Governor James Thompson at least seemed prepared to give the poet his due. In announcing the planned transfer of ownership, the governor described Lindsay as “perhaps America’s most profound and innovative poet.” Most critics wouldn’t agree, but then poets’ reputations fluctuate almost as wildly as politicians. (The critics once dismissed Poe and Melville as nobodies too.) I was delighted to hear the governor advance any opinion on a literary matter. I had no idea he was well-read enough to come to even a mistaken judgment about one of our poets. On such an occasion I would have expected him merely to read from a puffed-up press release written in his name by a flack with an English major.
I rely on my colleagues in the statehouse press corps to reveal the governor’s views on Swinburne and Eliot; as a taxpayer I am all ears.
Lindsay would have been touched by the governor’s praise. The poet admired Altgeld, of course, but did not always think well of the other governors who sojourned in the mansion across the street. It is interesting to imagine what sort of poem might have resulted had Lindsay lived long enough to write, “Big Jim Thompson Walks at Midnight.” It might have gone like this:
His head is bowed.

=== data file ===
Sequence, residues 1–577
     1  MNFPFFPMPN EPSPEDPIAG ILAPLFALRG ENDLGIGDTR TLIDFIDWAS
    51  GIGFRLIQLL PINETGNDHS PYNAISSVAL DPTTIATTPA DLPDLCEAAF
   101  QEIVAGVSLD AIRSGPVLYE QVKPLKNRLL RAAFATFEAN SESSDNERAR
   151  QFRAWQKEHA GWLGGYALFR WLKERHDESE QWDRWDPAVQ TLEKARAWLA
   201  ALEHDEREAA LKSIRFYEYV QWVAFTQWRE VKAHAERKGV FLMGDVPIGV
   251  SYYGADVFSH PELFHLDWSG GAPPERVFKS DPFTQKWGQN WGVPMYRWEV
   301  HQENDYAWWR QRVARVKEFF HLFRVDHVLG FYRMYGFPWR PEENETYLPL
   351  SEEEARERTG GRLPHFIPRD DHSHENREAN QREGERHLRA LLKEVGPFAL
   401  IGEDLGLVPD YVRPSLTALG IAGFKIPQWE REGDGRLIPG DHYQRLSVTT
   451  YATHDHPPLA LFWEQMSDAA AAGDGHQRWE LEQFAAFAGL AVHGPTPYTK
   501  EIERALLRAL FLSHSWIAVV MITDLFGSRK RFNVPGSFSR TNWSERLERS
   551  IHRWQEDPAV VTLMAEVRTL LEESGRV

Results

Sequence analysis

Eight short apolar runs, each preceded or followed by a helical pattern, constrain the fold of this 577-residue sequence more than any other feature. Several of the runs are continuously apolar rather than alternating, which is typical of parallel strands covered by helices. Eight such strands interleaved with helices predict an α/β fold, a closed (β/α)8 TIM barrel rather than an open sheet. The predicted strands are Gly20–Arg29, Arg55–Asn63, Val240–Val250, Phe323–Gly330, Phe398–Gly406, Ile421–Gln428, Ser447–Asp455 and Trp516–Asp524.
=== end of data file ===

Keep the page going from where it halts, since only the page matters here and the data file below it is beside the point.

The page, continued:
He lived the people’s king.
Through four terms,
his genius to go blandly.
But conceals he the
Pain of hopes still-born
Who dreamt of Taft
but looked like John Candy.
He cannot sleep in that fine mansion now,
This almost, nearly, maybe Bush VP.
But roams Chicago’s rude distracting streets
A chastened, and chafing, judge.
So much promise, when young, to stand dismayed:
Build Illinois is trashed; his DCCA maimed.
Which state cop is so strong that he might bear
The deficits, the headlines, the weight gained?
When, coffers bared, the state’s voters in hope
Said, “Innovate!” he said, “Fake hiring freeze!
Enterprise zones! Bond sales! Samantha! Guy!”
Made heads from tails and packed the ICC.
He cannot rest if foreign trade pacts pend,
So packs in hope of merry junkets free,
Talking tax breaks and beans while bravely fends
Off minor MPs and Hong Kong tummy.
His ghost, ill-paid, haunts this cold mansion still.
“I’m not a clerk!” he once in pride declared,
While taxpayers, outraged, their tea-bags mailed
And Pat Quinn said, “Best count the silverware.”
At pig barns and airports and photo ops
None was as good, for they all lacked his creed:
Give jobs to the rich and promises the poor;
Run only to win, and never to lead.
I admit that Lindsay was a better poet, but then he had a more inspiring subject. I suppose that, had Lindsay written poems like that, his house would find itself without a champion, and thus be doomed to become another parking lot. That is why keeping the Lindsay house open is a more justifiable public expense than, say, maintaining the Executive Mansion across the street. The Lindsay house provides a lesson in what happens to a man who tries to make a living writing what he sees to be the truth, while the mansion hints at the rewards that await the skillful poet of lies. ●
Essential for anyone interested in Illinois history and literature. Hallwas deservedly won the 2018 Lifetime Achievement Award from the Illinois State Historical Society.